Breaking the glass ceiling with personal branding
November 17, 2020
66 out of 100:
This figure makes women with career ambitions in Germany wince massively. It gets to the heart of reservations and prejudices against women in management positions, which they experience subliminally or quite concretely in everyday life.
The Reykjavik Index measures from 0 to 100 the extent to which men and women are considered equal in terms of their suitability for leadership positions.
The value of 100 means:
There is complete agreement in society that men and women are equally suited to leadership positions in all areas of economic life.
With a score of 66, Germany is still a long way from the vision of a world in which an index value of 100 is the norm – i.e., where men and women are ascribed the same aptitude for leadership – and further away than the other G7 countries.
And the trend does not look any better. Compared with the previous year, the score of 69 fell by three points.
The lowest reservations towards women are found in Great Britain and Canada (81 each). The USA (76) and France (74) also achieve above-average values.
Italy and Japan are still ahead of Germany with 68 points each.
The average score of the Reykjavik Index in the G7 countries is 70 among men and 77 among women.
How is this to be read?
Women tend to see fewer differences between men and women in terms of their suitability for leadership positions, but even they are not free of reservations about their own gender.
In Germany, the discrepancy between men and women is even more pronounced at 61 to 71.
What complicates this ‘perception’ or ‘attribution’ trap
In most cases, men still decide who gets into a management position. And they are much less likely to consider women equally suitable for leadership roles, especially in Germany.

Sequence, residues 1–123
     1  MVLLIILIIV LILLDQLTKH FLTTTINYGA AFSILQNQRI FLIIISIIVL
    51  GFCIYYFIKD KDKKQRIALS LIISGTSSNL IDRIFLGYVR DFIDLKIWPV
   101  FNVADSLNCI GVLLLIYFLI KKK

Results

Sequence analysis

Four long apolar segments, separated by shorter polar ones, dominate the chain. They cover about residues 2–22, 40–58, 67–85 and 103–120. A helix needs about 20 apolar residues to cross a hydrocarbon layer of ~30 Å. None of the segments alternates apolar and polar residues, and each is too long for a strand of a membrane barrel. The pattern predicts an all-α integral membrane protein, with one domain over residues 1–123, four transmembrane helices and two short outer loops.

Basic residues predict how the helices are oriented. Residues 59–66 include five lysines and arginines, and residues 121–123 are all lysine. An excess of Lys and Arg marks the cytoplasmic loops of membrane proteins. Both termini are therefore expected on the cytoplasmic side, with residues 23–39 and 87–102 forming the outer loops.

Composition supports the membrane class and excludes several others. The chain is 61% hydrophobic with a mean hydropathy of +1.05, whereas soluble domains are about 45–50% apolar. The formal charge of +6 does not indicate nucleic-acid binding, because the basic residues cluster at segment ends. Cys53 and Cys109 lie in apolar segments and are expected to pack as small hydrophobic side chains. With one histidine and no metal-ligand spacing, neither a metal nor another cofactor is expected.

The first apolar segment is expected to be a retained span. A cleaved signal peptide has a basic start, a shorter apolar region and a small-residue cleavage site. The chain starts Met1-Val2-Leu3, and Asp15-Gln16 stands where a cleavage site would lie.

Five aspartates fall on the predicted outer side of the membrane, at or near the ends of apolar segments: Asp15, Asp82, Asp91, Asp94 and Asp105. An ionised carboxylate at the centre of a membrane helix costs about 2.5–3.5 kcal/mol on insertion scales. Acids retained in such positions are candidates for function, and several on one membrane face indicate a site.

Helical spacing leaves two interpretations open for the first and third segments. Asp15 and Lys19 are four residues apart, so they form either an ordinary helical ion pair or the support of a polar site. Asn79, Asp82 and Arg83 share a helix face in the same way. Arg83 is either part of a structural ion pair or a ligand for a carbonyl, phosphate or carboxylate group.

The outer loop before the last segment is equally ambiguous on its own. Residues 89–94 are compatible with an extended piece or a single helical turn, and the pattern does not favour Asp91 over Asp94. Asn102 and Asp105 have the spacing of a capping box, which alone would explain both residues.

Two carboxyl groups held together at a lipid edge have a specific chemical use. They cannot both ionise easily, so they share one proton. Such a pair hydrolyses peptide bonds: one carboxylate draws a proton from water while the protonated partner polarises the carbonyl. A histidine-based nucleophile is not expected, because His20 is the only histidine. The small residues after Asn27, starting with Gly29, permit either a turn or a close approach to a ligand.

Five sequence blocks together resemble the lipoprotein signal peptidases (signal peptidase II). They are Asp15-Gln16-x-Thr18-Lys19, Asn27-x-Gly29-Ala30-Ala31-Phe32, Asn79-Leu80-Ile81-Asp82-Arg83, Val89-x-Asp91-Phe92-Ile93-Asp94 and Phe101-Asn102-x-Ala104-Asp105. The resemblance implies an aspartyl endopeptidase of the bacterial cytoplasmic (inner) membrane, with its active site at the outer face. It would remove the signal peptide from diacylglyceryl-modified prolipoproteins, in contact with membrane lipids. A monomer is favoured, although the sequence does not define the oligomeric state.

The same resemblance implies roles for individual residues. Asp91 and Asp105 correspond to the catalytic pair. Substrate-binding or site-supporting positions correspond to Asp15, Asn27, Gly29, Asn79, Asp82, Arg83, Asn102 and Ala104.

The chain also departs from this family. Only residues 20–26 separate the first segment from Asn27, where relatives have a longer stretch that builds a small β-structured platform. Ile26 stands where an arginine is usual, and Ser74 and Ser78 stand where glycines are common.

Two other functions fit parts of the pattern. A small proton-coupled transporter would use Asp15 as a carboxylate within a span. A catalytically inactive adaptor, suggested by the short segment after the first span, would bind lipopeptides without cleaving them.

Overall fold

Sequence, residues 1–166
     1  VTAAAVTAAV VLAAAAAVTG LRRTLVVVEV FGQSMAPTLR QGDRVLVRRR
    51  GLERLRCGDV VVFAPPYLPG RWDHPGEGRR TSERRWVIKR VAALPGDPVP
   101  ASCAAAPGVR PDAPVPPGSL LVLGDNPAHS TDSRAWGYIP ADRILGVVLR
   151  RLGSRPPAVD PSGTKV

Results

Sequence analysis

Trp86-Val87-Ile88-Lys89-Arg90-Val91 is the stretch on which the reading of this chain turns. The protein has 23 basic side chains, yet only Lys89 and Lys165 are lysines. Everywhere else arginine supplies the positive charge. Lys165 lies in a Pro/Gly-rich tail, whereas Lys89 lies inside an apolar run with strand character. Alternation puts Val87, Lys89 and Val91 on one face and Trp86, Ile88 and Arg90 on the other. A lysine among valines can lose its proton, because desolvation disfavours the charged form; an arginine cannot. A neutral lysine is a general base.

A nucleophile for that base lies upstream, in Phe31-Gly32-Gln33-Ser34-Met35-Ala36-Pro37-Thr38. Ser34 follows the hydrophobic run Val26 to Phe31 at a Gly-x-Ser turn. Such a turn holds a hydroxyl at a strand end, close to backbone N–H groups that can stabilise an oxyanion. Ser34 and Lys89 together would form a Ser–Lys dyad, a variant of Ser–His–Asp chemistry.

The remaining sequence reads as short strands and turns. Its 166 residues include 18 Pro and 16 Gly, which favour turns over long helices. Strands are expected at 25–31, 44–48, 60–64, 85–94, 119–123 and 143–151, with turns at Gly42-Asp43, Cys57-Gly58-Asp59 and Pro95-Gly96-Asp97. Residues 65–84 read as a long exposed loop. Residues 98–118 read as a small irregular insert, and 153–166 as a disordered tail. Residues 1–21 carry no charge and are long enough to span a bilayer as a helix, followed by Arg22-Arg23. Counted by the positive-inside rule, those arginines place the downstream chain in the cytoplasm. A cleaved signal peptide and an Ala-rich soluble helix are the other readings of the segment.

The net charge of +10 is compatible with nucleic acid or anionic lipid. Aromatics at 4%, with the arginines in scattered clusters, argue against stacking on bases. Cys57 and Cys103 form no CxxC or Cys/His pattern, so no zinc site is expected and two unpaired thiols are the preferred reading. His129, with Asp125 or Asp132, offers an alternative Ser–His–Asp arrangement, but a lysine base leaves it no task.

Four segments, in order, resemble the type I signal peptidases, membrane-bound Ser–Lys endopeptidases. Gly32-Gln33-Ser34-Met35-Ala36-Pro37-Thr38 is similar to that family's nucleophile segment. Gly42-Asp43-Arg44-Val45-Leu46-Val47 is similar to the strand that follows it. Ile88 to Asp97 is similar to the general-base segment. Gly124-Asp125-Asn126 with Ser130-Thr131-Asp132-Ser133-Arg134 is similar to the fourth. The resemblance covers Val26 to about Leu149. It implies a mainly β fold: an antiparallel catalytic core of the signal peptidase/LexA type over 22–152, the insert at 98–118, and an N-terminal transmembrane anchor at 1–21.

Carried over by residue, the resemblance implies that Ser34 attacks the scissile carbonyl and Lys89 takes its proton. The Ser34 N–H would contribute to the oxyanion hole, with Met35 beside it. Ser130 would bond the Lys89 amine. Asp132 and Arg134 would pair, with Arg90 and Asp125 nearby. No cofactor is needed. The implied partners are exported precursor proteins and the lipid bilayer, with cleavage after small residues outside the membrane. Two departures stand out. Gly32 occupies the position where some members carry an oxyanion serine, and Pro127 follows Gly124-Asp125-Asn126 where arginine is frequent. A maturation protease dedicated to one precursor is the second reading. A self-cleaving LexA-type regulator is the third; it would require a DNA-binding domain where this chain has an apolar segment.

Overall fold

As the German government’s annual information on the development of the proportion of women and men at management level in June 2020 impressively shows:
There is still a lack of will and/or awareness of the problem to change these attitudes:
80 percent of companies have no women on their management boards.
55 of the 160 listed companies in the DAX30, MDAX and SDAX that do not yet have any women on their management boards explicitly formulate the goal of “zero women.”
Visibility strategies for women to get out of the perception trap
“WHO DOES NOT SPEAK, WILL NOT BE HEARD!“ – said former German Chancellor Helmut Schmidt.
A great tip – especially for women who want to ‘send’ and change something. So if being heard and change correlate, one of the levers women have in their own hands is their own visibility.
As Jutta Allmendinger, director of the Science Center Berlin, already warned back in May 2020:
“Women are becoming invisible, becoming slow.“
Today, visibility is especially evident in social media. Therefore, one stumbles over the question:
Why do the 24 DAX30 female board members use them so little?
Screening LinkedIn reveals a large gap versus their male counterparts:
- Three female DAX Board members are not even on LinkedIn.
- One of them has only 51 followers.
- Nine have fewer than 1,000 followers.
The most visible of them is the Spaniard Belén Garijo – from spring 2021 the first sole female CEO of a DAX company (Merck) – with around 33,800 followers.